If you’ve never heard the term multilevel marketing before, you’ve still probably heard of an MLM company. Have a friend selling essential oils? Ever bought Mary Kay? Do you have a drawerful of LuLaRoe leggings? Yep, those are multilevel marketing companies. They’re also sometimes referred to as referral marketing, pyramid selling or network marketing.
Here’s the basic way they work: A company is formed. They usually have a product, like the aforementioned essential oils, makeup or leggings. Rather than put their product on store shelves, they instead hire “distributors” to do direct selling. Those distributors make money in two ways. One, distributors sell a product and make money off the top. Two, distributors recruit other people to be distributors and make a cut of what these new distributors sell.
Unlike other selling positions, you don’t make a salary or minimum wage, and you almost always have to pay up front for product that you can sell. There has been plenty of blowback about the legitimacy of multilevel marketing. The Atlantic did a feature on the topic and found that at one company, 94 percent of sellers made an average of $1 a month. A Quartz article investigated the psychological and financial toll of joining another popular MLM. John Oliver did a 30-minute segment on the topic, concluding that “MLMs are hurting people and we need to spread the word about their dangers.”
If the above hasn’t made you wary about the value of multilevel marketing — maybe you have a friend who is doing really well with one, maybe you love a product and wouldn’t mind selling it, whatever the reason — here are a few things to consider before joining one yourself.
1. Find out what you’re selling
The Federal Trade Commission recommends evaluating the product you’re going to be selling, as many of them promise unsubstantiated “miracle” cures and could even be dangerous. See if there’s good, solid research to back up any claims made.
“I recommend only doing it if you really love a product,” said Ashley Feinstein Gerstley, life coach and owner of The Fiscal Femme, who has had several clients who did multilevel marketing on the side.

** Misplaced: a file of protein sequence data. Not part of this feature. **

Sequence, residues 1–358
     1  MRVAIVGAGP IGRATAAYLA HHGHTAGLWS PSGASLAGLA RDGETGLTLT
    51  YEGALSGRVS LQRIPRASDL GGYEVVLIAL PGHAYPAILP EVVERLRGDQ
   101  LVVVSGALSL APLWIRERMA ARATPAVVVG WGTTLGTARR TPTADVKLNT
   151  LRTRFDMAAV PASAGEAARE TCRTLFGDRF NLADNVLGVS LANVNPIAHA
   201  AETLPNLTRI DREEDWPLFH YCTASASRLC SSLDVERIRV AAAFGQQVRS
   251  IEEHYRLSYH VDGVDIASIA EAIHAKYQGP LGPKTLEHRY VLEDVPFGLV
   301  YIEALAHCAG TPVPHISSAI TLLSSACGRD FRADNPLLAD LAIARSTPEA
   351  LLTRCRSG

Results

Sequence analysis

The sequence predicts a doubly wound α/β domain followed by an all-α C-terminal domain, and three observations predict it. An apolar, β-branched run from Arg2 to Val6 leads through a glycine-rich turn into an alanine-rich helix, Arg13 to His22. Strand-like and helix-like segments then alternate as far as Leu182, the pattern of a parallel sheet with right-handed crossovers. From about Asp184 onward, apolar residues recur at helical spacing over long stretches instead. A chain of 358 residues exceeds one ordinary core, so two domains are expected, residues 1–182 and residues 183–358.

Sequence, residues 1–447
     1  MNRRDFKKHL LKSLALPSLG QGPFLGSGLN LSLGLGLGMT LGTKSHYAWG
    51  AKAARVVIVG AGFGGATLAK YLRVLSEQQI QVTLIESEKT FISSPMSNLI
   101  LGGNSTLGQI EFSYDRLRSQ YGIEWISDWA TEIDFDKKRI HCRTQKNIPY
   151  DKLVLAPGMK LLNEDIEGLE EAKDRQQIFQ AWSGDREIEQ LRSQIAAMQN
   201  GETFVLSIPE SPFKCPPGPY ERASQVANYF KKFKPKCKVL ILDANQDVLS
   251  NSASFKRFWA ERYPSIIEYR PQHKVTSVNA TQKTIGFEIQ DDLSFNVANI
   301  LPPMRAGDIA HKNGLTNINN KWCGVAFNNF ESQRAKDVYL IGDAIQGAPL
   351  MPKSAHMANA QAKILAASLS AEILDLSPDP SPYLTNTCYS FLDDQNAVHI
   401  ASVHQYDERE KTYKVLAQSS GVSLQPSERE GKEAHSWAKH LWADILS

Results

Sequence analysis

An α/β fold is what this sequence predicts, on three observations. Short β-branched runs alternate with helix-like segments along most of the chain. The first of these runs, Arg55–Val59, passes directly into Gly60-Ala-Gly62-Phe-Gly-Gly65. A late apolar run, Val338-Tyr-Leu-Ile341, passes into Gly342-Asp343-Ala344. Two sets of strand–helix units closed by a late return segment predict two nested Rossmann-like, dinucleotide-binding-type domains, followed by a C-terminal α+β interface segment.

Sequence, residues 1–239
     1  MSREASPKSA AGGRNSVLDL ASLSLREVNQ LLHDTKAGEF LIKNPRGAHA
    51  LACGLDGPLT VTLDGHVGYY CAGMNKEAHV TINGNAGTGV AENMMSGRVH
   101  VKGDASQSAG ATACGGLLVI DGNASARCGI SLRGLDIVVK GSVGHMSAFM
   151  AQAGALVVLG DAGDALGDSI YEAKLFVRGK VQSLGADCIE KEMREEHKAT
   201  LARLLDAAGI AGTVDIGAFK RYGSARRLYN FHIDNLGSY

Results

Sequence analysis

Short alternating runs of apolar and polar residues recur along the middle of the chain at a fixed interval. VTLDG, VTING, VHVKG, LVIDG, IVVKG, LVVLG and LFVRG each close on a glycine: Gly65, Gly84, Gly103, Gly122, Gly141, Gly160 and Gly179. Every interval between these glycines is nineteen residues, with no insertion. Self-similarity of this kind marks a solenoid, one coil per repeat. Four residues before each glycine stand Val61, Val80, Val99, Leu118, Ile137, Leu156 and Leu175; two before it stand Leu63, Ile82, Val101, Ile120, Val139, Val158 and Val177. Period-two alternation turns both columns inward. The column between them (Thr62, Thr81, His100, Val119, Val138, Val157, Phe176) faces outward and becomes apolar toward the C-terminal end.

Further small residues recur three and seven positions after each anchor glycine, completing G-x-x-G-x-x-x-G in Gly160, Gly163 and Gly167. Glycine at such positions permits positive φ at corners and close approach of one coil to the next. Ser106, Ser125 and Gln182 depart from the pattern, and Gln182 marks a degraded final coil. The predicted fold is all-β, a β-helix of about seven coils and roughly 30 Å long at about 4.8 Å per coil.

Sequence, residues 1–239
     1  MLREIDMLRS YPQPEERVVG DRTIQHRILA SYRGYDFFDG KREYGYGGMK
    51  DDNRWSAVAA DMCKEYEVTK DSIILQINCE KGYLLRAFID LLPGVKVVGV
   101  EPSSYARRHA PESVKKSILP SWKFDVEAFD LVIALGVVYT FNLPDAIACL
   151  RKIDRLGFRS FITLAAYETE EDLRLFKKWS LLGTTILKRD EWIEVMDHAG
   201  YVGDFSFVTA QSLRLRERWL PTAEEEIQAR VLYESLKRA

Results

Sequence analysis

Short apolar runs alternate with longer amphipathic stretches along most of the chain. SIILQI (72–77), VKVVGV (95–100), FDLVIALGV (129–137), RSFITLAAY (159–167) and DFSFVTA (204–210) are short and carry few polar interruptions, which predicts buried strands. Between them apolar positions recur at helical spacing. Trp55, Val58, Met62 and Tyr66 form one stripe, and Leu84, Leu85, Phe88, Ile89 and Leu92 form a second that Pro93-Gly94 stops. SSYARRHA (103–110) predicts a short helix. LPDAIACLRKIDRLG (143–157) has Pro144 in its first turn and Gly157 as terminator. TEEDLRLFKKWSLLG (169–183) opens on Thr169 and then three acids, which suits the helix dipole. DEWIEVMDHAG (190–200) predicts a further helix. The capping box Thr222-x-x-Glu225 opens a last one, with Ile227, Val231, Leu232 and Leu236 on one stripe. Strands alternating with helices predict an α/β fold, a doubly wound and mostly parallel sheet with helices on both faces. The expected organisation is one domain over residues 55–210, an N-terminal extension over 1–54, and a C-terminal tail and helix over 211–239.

2. Research the company
The FTC recommends learning how long the company has been in business, searching the name with keywords like “scam” or “complaint” tacked onto the term and going several pages back in results. Has the company been sued for bad business practice? Does it have a positive or negative reputation?
“When you’re selling something, your reputation is on the line too. Make sure it’s a company that you’re happy to be the face of,” Gerstley said.
3. Take time to evaluate the offer
Do not sign a contract or pay money up front in an “opportunity meeting,” the FTC advises. The meeting is also your chance to ask questions about the compensation structure, expenses you can anticipate and documentation supporting any claims about how much money you can expect to make.
“It’s important to understand the financials,” Gerstley said. “If you have to put in a really high up-front investment, it could be a red flag or really important to look at.”
The FTC also has an excellent list of questions to ask the person recruiting you, including how many people they’ve recruited and how long they’ve been in the business. It’s also a good idea to have a friend read over the contract too.
“I wouldn’t recommend putting yourself in financial distress in any way to join on,” Gerstley added.
4. Get the refund policy in writing
Many MLM companies say that they allow you to return unused product, but the details of the return policy can be difficult to parse and leave you with a garage filled with unused product and money you won’t see again. Get their refund policy in writing, the FTC recommends, including whether you’ll receive a full refund.
5. Ask about training requirements
Training can be another cost MLMs require you to shoulder, so ask up front about what kind of training and training materials are required, how much time they take and what happens if you don’t attend, the FTC suggests.
6. How do you make money?
Per the FTC, a valid multilevel marketing plan will mean that distributors — what you would be signing up to be — make most of their money through direct sales of a product or service. So, if you’re a distributor selling athletic wear, for example, you’ll earn most of your money through selling running shorts and synthetic shirts.
But if most of the money you’re making is by recruiting more distributors — signing people up to do the same job you do, just a step on the ladder below you — then, as the FTC says plainly, “It could be a pyramid scheme. Pyramid schemes are illegal, and the vast majority of participants lose money.”
Good luck on your side-hustle quest, and dodge the scammers as best you can.